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    Re: Coastal Plotting Sheets
    From: W F Jones
    Date: 2007 Mar 17, 18:37 -0500

    I also purchased a unit similar to the Warren-Knight version in your first 
    image.  It isn't near me, so I can not  check to see who manufactured it 
    but I know it was made for a the US Navy (BuShips).  A very impressive 
    instrument.
    
    I have often wondered why the instrument needed to be so accurate, My 
    old unit has verniers that permit measurements to 1'.  Better sextants will 
    do about 10".  What does this phenomenal instrument accuracy translate 
    to when working with a real chart?  Even using the finest width pencils 
    available today (they weren't around in WWII) how can you really plot 
    angular data to 1'.
    
    Of course today this is done mathematically and such wondrous devices 
    are no longer really needed, right?  Any clue what these cost today, new 
    from factory?
    
    Frank J.
    Rochester, NY   
    
    Date sent:          Sat, 17 Mar 2007 09:49:14 +0100
    From:               Nicol�s de Hilster 
    Subject:            [NavList 2391] Re: Coastal Plotting Sheets
    To:                 NavList@googlegroups.com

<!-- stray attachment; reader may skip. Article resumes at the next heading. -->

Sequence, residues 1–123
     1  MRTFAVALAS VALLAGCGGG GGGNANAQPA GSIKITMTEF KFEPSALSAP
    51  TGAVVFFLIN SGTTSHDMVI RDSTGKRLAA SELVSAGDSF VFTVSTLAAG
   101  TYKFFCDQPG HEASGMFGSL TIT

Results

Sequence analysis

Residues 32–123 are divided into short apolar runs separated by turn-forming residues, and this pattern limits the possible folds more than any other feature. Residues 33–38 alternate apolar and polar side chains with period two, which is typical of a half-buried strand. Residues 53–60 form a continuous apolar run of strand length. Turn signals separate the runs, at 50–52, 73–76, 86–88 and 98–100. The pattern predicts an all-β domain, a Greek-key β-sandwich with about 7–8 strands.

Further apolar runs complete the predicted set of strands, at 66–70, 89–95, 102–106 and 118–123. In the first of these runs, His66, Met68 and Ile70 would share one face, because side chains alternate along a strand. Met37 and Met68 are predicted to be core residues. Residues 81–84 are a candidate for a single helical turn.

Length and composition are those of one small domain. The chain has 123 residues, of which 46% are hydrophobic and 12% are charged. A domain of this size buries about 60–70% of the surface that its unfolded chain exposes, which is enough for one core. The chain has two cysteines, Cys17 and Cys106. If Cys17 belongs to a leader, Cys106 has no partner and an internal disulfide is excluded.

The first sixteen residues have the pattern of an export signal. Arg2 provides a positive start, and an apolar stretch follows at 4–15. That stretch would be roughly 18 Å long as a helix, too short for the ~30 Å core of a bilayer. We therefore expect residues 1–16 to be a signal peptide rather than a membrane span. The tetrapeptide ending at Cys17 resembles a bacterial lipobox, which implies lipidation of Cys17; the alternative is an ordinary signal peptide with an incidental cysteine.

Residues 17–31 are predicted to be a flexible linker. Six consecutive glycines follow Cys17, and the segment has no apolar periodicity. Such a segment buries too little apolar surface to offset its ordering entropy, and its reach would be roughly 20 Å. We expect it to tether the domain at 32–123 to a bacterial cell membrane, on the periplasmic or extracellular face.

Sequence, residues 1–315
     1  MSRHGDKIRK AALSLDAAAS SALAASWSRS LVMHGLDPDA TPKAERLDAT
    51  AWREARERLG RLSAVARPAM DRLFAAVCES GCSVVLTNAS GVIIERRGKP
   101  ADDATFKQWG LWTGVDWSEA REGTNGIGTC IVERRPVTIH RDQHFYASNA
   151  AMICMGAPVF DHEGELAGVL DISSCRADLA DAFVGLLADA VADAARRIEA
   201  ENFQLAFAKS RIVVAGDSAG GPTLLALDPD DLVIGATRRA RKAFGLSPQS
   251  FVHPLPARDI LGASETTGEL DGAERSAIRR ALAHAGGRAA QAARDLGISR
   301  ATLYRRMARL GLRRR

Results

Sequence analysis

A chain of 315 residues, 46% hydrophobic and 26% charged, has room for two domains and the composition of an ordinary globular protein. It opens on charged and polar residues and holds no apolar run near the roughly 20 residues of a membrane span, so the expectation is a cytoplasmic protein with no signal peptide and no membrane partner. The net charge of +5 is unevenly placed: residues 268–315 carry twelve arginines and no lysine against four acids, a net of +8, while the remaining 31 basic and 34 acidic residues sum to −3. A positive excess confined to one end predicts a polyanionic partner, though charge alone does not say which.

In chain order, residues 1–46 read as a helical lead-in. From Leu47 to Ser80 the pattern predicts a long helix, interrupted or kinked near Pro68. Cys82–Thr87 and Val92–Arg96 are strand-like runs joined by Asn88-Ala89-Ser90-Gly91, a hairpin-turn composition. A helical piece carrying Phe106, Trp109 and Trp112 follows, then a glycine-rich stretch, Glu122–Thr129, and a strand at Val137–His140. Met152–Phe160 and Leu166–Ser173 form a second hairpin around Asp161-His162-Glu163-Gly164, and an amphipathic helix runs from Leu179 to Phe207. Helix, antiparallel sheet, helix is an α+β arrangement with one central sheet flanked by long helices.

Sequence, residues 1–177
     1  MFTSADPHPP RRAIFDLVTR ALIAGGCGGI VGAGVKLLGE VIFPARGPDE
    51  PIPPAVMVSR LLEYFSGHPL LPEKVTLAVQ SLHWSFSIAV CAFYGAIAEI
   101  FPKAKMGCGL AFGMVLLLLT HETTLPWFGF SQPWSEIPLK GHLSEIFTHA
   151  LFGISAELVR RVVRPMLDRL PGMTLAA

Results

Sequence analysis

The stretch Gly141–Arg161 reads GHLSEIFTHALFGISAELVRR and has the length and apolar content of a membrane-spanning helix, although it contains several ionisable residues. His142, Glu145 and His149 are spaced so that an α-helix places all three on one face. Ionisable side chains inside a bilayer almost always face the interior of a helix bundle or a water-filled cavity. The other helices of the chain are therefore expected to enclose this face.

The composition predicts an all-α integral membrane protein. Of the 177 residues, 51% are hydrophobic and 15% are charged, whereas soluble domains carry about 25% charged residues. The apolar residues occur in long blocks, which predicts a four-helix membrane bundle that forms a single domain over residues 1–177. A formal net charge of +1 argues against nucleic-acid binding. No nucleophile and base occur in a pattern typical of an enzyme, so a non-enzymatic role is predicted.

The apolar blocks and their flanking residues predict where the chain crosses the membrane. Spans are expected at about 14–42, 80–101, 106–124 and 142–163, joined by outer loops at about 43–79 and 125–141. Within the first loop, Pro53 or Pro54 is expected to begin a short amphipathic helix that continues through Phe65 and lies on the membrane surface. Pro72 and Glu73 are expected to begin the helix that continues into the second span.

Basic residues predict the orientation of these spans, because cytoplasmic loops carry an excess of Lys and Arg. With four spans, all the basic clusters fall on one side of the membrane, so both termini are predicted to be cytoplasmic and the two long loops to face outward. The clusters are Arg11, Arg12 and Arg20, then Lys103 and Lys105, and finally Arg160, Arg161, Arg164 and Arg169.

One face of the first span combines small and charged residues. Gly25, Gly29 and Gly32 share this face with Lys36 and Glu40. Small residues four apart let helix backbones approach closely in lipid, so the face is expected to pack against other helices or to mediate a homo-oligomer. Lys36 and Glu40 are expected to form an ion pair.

Send reply to:      NavList@googlegroups.com
    
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    P F wrote:
    > What this coastal nav course proposed was taking the same three
    > corrected bearings but plotting from the fix position onto clear
    > material from a point on the plastic sheet representing the side
    > opposite to the land � the seaward side. So three position lines
    > radiating outwards.
    >
    > Then placing this clear sheet upon the chart and adjusting it until
    > all three position lines are placed over the features they point
    > towards � and beyond. You can immediately see the advantage � there
    > is no ambiguity about the fix as the triangle proposes; the fix is a
    > point.
    For this purpose a nice instrument was constructed: the protractor or
    "station pointer". The station pointer consists of a divided circle
    with three legs and was used mainly for sextant observations using
    beacons on shore. The legs could be adjusted by either a vernier or
    drum micrometer. The two measured angles (or reduced bearings as in
    this case) could be set on this instrument, after which the whole
    instrument could be placed on top of a chart of the area. After moving
    the instrument around until the three legs crossed the beacons on the
    map the middle the station pointer would then be your position.
    
    Examples of the instrument can be found on my web-site:
    http://www.dehilster.info/instrumenten/stationpointer1/index.html
    http://www.dehilster.info/instrumenten/stationpointer2/index.html
    
    The first one comes with a whole range of plotting aids like a 
    push-button pin and a cross-hair with pencil hole. The second one
    simply has a ruler in the centre with a small notch in it.
    
    Nicol�s
    
    
    
    
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